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Archive for the ‘Art Exhibitions’ Category

UK’s first major exhibition of artists’ responses to war and conflict since the terrorist attacks on 11 September 2001. Age of Terror: Art since 9/11 features more than 40 British and international artists, including Ai Weiwei, Grayson Perry, Gerhard Richter, Jenny Holzer, Mona Hatoum, Alfredo Jaar, Coco Fusco and Jake & Dinos Chapman.

Interesting exhibition.  Twin Towers by Ivan Navarro is an interesting light installation with two squares in the ground which look columns of light going deep under the floor.    And the towers “sculpted” out of plastic figures by Jake and Dinos Chapman was very arresting.  As usual at IWM, nobody in the exhibition other than us.  On until 28.5.18.

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On in the Royal Festival Hall, on both sides of the jazz stage, until 20th November.  Thought provoking and moving exhibtion covering world events but also day to day lives of people in places like Brazil.IMG_3116

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Damián Ortega, Cerith Wyn Evans and Ann Veronica Janssens all on at the White Cube Bermondsey.  Wyn Evans showing similar light installations to those recently in the Tate Britain.  Janssens’ show is interesting glitter, lights and a very interesting installation of glass cubes filled with paraffin oil thin and coloured layer of liquid which seems to be floating above an expanse of clear liquid.

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Dan Colen’s Sweet Liberty exhibition at Newport Street Gallery.  Never heard of him but saw a few images which made me want to get down there.  Scooby Doo looking a bit wasted, silhouettes knocked out in walls shaped like Roger Rabbit and various other characters, pictures made of chewing gum and whoopee cushions made of glass so you can never sit on them.  If you go, listen out for the tapping shoes when you exit the gallery; I didn’t know about it so missed it.  Colourful and playful.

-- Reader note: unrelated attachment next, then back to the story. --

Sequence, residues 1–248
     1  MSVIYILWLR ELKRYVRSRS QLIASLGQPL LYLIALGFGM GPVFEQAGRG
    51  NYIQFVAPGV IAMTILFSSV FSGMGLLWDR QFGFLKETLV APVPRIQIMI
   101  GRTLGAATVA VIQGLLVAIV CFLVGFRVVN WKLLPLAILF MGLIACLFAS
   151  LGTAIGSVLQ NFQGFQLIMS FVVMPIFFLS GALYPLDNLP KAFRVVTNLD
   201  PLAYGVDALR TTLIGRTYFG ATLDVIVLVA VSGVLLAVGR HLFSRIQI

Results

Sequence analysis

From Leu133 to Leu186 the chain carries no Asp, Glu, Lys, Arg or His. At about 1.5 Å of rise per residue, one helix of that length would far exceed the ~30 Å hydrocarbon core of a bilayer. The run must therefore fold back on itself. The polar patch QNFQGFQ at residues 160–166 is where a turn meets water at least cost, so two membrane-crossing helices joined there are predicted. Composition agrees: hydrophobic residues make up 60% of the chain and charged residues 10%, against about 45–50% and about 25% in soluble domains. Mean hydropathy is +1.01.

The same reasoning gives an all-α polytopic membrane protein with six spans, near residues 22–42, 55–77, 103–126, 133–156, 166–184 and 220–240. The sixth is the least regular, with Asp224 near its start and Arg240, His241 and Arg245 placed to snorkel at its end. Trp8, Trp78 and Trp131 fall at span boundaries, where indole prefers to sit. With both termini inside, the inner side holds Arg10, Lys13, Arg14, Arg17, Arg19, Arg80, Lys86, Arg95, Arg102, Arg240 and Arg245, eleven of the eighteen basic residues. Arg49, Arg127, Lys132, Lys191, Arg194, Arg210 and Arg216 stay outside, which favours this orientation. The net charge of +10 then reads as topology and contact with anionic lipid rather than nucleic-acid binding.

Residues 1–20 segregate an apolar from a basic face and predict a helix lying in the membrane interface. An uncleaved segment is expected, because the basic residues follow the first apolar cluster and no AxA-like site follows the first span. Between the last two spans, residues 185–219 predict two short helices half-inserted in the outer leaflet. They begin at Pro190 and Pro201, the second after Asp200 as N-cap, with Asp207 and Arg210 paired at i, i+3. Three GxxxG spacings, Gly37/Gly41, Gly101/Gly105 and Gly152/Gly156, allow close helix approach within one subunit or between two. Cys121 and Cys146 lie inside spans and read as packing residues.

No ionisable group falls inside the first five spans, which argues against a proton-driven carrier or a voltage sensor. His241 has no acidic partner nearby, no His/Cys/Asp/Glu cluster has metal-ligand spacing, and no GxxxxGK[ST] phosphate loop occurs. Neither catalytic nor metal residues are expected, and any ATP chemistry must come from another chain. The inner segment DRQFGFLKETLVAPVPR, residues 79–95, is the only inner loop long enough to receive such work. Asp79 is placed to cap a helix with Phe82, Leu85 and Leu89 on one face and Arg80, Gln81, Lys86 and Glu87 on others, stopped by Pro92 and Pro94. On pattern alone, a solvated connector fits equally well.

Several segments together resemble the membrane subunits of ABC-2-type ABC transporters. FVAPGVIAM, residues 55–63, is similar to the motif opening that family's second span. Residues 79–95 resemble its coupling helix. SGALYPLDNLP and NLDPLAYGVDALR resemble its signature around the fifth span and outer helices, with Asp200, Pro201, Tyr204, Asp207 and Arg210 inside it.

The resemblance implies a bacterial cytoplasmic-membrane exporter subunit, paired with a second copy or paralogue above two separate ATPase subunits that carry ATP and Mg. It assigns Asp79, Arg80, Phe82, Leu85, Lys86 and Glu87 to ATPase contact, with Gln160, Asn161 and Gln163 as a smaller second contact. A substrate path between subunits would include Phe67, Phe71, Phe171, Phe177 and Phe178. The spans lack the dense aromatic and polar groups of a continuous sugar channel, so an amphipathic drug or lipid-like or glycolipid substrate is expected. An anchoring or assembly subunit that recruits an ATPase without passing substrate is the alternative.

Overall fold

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We missed this one out last week at 180 The Strand, Ryoji Ikeda, Test Pattern, a monochrome film 7 minutes long being projected onto (or under?) the floor.   Get there early on the Saturday (starts at 12 noon) or go mid-week to avoid long queues.  You take your shoes off to walk onto the floor and can stay as long as you want.

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The Lisson Gallery has an exhibition on until 10th December 2017 at 180 The Strand marking the gallery’s 50th anniversary.  You don’t have to like it all but you will be impressed by the scale of the exhibition in the heart of London showing new and historical works by 24 artists, and will find something to interest you.  The artists include Ai Weiwei, Anish Kapoor, Richard Long, Ryan Gander and, new to me, Shirazeh Houshiary and much more.  Alongside this Store X The Vinyl Factory Presents has a brilliant work, Ruin, by Abloh and Kelly, a ruined nightclub installation down a side street.  And Arthur Jafa’s Love is the Message, the Message is Death, a thought-provoking film on the rooftop.

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Great thing about London is that there are groups of galleries in close walking distance.  First stop was the White Cube, Mason’s Yard and From the Vapor of Gasoline.  Post war symbols of America like the American flag, dollar and cowboys.  Then across the road to Royal Academy and Dali/Duchamp.  Interesting show although I’m not a major fan of either.  Then on to Zhongguo 2185 at Sadie Coles, Kingly Street.  Bit bonkers but the inflatable head filling up a corner of the gallery was great.  Finally, Blain/Southern and Jake and Dinos Champan’s The Disasters of Everyday Life.  Favourite of the afternoon by far: Goya’s prints each set reworked in a different way, some are grotesque cartoons, others battle scenes in glitter and another set with cut out images set amongst an unrelated scene, many of which are very funny. There is a lot of detail in them so you need to take your time looking closely at them.

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